The severe imbalance between the number of younger and older people living in the Yorkshire Dales is undoubtedly a serious threat to the future of the national park’s communities. As The Yorkshire Post documented in its Dales in Crisis reports last year, over a quarter of residents are aged over 65 and just 15 per cent are under 15; worrying statistics if the area’s beautiful towns and villages are to be sustained in years to come.
Schemes such as The Great Place: Lakes and Dales Project which aims to understand why there are fewer 16 to 34-year-olds than the national average in the area and use arts, heritage and culture as a catalyst for change, and the Dales’ latest five-year management plan, the objectives of which include creating at least 400 new homes and increasing the number of quality jobs, are welcome signs that much-needed action is being taken. Now, financial backing is being sought from four district councils and the Yorkshire Dales National Park Authority for a further action plan, involving both projects and promotional campaigns, to help reverse the concerning trend of families and young people moving away from the area.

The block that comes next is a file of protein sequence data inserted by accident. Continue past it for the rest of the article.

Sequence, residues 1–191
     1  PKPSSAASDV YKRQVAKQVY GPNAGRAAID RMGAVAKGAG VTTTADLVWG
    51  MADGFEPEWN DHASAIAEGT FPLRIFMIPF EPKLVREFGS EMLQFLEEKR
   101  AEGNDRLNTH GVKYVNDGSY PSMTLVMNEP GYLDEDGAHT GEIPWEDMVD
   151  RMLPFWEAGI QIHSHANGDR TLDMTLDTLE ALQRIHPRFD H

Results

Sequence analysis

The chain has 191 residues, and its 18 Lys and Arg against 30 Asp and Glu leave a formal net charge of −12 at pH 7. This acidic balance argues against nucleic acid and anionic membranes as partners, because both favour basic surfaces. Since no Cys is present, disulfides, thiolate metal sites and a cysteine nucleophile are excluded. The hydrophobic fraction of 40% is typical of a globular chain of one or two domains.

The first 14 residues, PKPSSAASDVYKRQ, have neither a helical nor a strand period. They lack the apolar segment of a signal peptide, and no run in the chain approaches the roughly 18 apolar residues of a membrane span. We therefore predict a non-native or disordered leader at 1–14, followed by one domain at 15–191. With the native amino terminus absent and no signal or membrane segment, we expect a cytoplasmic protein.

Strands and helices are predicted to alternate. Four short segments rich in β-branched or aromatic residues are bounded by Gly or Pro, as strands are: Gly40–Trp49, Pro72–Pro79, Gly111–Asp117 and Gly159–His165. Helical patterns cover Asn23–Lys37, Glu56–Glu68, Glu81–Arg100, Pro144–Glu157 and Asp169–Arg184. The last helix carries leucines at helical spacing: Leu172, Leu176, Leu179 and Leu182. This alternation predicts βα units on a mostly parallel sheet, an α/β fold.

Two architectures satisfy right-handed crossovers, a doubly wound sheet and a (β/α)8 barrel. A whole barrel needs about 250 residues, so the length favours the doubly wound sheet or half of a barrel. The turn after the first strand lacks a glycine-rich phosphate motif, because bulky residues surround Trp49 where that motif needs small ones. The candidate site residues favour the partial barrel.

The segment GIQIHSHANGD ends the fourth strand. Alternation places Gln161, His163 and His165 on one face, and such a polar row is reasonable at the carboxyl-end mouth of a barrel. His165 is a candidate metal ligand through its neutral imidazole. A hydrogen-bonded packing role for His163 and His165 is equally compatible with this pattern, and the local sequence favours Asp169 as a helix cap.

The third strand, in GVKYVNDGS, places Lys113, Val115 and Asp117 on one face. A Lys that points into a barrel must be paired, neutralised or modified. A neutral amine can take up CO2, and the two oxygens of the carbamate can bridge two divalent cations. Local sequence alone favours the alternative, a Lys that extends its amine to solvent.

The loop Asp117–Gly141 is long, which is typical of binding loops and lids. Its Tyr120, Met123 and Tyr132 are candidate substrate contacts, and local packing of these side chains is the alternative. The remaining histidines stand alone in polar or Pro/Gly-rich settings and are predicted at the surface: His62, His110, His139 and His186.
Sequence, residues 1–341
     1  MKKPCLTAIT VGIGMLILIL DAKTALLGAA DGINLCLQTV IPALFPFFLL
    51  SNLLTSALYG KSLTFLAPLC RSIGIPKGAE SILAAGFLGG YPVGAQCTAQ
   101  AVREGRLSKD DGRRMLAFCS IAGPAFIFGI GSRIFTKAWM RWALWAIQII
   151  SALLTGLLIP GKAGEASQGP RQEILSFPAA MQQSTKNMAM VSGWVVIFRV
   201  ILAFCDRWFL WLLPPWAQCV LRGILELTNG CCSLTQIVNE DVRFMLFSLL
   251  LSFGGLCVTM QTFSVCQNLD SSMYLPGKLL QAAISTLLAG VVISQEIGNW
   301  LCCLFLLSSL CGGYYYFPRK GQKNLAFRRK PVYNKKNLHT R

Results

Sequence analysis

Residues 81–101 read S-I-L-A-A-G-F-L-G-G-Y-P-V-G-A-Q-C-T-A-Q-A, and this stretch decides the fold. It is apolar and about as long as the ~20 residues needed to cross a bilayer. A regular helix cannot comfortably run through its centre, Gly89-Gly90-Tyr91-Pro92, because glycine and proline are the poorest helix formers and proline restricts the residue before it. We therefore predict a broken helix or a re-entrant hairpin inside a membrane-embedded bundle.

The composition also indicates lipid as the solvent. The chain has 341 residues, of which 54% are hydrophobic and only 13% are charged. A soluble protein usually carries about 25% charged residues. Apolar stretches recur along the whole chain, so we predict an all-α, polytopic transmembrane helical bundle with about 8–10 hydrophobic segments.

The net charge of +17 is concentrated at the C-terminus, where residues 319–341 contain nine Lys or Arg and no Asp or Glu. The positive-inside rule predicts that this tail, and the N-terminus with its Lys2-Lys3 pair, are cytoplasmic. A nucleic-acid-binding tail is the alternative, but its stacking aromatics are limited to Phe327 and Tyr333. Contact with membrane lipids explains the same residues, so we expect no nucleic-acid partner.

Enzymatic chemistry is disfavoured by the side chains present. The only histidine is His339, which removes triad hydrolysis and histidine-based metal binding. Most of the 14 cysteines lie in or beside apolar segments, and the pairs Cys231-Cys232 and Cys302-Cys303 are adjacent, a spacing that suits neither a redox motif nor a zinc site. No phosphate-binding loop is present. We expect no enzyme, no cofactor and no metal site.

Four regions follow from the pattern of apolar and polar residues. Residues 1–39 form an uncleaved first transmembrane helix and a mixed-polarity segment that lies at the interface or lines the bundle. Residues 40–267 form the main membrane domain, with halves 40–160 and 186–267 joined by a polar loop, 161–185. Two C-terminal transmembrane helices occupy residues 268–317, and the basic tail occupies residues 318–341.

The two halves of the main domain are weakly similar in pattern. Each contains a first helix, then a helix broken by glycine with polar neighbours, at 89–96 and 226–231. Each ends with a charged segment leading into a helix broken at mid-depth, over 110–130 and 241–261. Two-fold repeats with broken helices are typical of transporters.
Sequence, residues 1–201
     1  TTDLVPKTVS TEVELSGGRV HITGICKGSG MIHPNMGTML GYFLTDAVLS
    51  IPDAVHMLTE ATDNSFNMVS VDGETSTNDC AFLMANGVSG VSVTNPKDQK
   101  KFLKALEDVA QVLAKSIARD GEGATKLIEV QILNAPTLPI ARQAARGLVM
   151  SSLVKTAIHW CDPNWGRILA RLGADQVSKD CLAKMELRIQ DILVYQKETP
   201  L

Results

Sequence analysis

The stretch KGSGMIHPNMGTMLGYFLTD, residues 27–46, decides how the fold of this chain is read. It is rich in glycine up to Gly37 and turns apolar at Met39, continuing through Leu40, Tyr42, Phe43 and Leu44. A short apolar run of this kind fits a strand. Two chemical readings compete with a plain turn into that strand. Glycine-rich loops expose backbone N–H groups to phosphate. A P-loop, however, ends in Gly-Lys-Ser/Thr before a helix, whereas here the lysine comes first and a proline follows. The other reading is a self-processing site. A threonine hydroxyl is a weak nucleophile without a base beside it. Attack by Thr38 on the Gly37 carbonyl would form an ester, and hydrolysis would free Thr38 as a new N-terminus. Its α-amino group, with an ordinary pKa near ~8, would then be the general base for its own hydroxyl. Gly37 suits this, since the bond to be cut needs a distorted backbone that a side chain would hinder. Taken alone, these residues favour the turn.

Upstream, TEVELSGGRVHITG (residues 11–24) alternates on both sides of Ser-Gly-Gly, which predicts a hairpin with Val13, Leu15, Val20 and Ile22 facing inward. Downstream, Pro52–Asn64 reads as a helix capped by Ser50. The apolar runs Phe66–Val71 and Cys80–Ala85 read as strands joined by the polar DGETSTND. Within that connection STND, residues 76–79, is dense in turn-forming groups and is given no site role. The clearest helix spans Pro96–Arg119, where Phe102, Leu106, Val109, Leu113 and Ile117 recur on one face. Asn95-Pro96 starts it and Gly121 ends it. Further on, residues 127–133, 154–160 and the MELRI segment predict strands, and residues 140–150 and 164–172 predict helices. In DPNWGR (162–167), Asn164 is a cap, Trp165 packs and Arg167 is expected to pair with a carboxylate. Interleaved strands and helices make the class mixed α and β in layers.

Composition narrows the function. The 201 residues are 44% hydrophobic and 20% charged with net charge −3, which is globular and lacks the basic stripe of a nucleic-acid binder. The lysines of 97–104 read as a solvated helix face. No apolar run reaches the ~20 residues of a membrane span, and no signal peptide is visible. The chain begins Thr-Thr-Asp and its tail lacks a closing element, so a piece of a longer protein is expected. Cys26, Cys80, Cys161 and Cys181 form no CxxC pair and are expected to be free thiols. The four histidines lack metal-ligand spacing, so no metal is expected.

As Gary Smith, the director of conservation and community at the Yorkshire Dales National Park Authority rightly says, the scale of the challenge should not be underestimated and, with the park’s population thought to be shrinking, there are no overnight solutions. But the ambitious plan is a step in the right direction to try to address the age imbalance – a necessity if Dales communities are to be sustained long into the future.